He went on to claim that the situation in Yemen “is the result of the export of British and American arms”, but it is notable that UN experts have completed a report that found Iran was supplying military aid to the Houthis.

    It’s not a coincidence that these comments came just days after General Joseph Votel, head of the US Central Command in the Middle East, told the House Armed Services Committee that Iran was trying to turn Yemen into a client state, as it did with Lebanon, but in a much shorter timeframe.

    Votel said: “Iran has extended its tentacles across the region through numerous proxies, including Lebanese Hezbollah operating in multiple countries, hardline Iranian-backed Shia militia groups (SMGs) in Iraq and Syria, and Iranian support has enabled the Houthis.”

    This is not surprising when you listen to the recent comments of Ali Akbar Velayati, a foreign policy adviser to Iran’s supreme leader Ali Khamenei.

    Velayati said: “Our presence in the region is inevitable. We will continue this process, so as to become the most decisive force in the region. We are present in Iraq, Syria, Palestine, and Lebanon…We help Yemen because it is our human duty to do so. Saudi Arabia must know that this ongoing process will make Yemen its Vietnam.”

    In this, Velayati is admitting that Iran deceives its enemies, when others claim that they are not building a coalition of Shiite forces in Syria and Iraq, and that Iran’s goal in aiding the Houthis is not aiding Yemen but hurting Saudi Arabia.

    Iran is gaining military dominance in Yemen in the same way that it did in Iraq, which makes it easy to see why the Houthis blocked a 2016 peace deal and why Iran is interfering in Iraq’s upcoming elections.

     
  • Masoud Dalvand 8:50 pm on 25 Feb 2018 Permalink | Reply
    Tags: Hamas, , , , , Terrorism   

    “Axis of Resistance” Encompasses Iran, Hezbollah, Syria, and Hamas 

    INU – When President George W. Bush gave his 2002 State of the Union address, he used the now-famous term, ”Axis of Evil” that warning against the development of weapons of mass destruction by the countries of North Korea, Iran and Iraq.

    In 2010, the term “Axis of Resistance” was adopted to encompass the forces of Iran, Hezbollah, Bashar Assad’s Syria, and Hamas.

    After the February 10th downing of an Iranian drone, and the loss of an Israeli F-16 following Israeli strikes against Syria, the media mentioned the “Axis of Resistance” phrase, but did not discuss its meaning or motivation in depth.

    In an article for the US News and World Report by Lamont Colucci, associate professor of politics and government at Ripon College, and senior fellow in National Security Affairs for the American Foreign Policy Council, writes, “Iran has mobilized its own forces, its proxies and Syrian services to create a powerful network to threaten Israeli security. Iran and Syria have been instrumental in transferring greater amounts and more sophisticated weaponry to Hezbollah, utilizing the fighting in Syria as a real-world training ground for future conflicts. The world was so mono-focused on the Islamic State group and the Syrian civil war that it continued to ignore Iranian strategic moves and intentions that go well beyond an Assad victory. In fact, we may come to view the Syrian Civil War as merely phase one of an overall Iranian plan to dominate the Middle East and wage war against Israel, culminating in an attempt to blunt or even drive out the American presence from much of the region.”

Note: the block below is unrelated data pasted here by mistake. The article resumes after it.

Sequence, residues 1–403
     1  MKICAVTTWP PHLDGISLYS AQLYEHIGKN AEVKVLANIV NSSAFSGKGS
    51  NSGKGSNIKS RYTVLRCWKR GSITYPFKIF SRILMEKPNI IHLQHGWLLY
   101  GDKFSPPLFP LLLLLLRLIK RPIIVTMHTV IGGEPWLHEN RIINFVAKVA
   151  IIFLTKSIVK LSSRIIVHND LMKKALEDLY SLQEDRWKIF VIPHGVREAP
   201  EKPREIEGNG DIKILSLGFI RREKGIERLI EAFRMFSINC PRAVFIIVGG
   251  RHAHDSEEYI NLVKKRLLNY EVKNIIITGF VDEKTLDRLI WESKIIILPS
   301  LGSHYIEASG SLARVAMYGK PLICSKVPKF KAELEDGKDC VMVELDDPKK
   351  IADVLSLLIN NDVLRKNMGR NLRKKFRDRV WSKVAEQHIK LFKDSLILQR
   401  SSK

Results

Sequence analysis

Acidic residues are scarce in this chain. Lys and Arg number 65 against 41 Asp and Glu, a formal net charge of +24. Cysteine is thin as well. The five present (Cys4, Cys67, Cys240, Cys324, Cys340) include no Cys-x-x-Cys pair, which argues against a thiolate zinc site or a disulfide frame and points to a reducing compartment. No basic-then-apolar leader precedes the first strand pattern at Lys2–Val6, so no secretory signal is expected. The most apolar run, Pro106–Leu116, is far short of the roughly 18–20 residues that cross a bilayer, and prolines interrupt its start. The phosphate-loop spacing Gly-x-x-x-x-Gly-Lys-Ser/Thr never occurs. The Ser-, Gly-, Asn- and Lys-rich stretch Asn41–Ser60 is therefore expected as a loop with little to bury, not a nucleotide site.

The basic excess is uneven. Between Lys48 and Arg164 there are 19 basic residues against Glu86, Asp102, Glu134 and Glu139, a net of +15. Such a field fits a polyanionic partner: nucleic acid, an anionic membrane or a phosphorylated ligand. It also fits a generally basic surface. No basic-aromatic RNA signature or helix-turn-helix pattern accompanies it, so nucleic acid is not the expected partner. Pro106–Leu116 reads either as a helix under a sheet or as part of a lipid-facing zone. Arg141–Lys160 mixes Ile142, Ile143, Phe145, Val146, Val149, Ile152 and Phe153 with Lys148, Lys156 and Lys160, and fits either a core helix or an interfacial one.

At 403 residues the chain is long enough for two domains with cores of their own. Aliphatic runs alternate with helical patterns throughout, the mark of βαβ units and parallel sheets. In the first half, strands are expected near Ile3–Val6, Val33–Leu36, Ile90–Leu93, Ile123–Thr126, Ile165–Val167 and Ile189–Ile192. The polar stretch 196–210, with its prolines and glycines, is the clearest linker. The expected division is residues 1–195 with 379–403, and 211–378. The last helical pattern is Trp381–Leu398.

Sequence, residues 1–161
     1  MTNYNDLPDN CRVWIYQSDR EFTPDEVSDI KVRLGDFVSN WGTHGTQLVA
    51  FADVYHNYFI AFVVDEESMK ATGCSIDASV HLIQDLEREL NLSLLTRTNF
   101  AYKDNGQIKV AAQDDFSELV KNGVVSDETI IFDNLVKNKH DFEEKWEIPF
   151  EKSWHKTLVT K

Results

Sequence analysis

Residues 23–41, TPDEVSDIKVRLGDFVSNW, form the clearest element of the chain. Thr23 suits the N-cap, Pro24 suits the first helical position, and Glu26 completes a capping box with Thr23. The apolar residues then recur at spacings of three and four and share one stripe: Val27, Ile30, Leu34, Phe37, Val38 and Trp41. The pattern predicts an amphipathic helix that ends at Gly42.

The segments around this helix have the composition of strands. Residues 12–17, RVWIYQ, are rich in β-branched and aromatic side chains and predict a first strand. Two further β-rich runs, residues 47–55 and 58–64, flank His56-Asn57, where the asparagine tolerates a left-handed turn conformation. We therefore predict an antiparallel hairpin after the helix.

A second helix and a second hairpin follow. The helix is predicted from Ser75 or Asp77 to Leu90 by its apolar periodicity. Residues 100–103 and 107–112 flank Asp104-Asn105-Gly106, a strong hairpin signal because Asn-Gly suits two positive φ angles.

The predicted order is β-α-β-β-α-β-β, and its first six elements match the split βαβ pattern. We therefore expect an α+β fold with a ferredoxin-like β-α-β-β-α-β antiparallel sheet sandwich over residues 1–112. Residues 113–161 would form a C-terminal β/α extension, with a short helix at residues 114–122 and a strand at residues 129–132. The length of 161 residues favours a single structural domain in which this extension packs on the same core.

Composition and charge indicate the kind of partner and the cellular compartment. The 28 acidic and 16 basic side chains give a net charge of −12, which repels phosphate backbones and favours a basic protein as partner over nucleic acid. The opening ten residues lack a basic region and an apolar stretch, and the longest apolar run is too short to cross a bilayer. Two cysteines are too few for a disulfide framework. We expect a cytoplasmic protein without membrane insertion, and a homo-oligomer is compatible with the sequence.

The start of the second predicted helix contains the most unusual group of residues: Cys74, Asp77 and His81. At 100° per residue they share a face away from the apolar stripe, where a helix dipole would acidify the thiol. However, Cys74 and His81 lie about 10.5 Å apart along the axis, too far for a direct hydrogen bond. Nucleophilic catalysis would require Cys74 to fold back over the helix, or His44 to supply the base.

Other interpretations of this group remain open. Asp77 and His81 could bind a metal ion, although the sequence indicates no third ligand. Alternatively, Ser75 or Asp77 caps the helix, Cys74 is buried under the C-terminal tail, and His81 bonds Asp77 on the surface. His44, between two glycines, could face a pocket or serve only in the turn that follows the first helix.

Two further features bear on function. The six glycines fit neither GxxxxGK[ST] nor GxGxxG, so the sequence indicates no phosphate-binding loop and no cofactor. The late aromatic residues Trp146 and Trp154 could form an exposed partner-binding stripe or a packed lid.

Iran would like to gain access to the Mediterranean, and the new axis could become powerful enough to intimidate American allies in the region to retract support for American foreign policy goals.

    Colucci adds, “The ‘Axis of Resistance’ poses a direct threat to the national interests of the United States and should be treated as a fundamental priority. It has no place in the international arena, and the movements and regimes that are its supporters are by definition illegitimate. In the past, the United States allowed Syria to dominate Lebanon; it now needs to decide if it is acceptable for Iran to dominate Syria, coerce Iraq and wage war against Israel.” He calls out this axis, “worshiping at the altar of tyranny, conquest and theocracy,” as “evil”.

     
  • Masoud Dalvand 8:24 pm on 22 Feb 2018 Permalink | Reply
    Tags: , , , , , , , Terrorism,   

    Iranian Expansionism Destroying the Middle East 

    The aggressive expansionism of the Iranian Regime has caused violence and divisions across the Middle East, while their efforts to create regional proxy militias are worsening the situation in three already unstable countries: Syria, Yemen, and Iraq.

    It is well known that there are numerous Iran-backed Shiite militia groups fighting in Syria for the Assad regime, but some of these groups, like the Hashd Shaabi or Popular Mobilization Forces, are also working in Iraq to hamper peace and stability.

    In December, five Christian protesters were shot and injured by members of the Hashd al-Shaabi militia in Bartala, northern Iraq, while protesting as part of a larger group about assaults on Christians by the Shia militia.

    Captain Agathon Saleh said: “Many Christians are angry with practices of the Hashd al-Shaabi militia and consider them a continuation of violations committed by the Daesh terrorist group.”

    In Yemen, Shiite Houthi militia routinely attacks Yemeni government forces and civilians.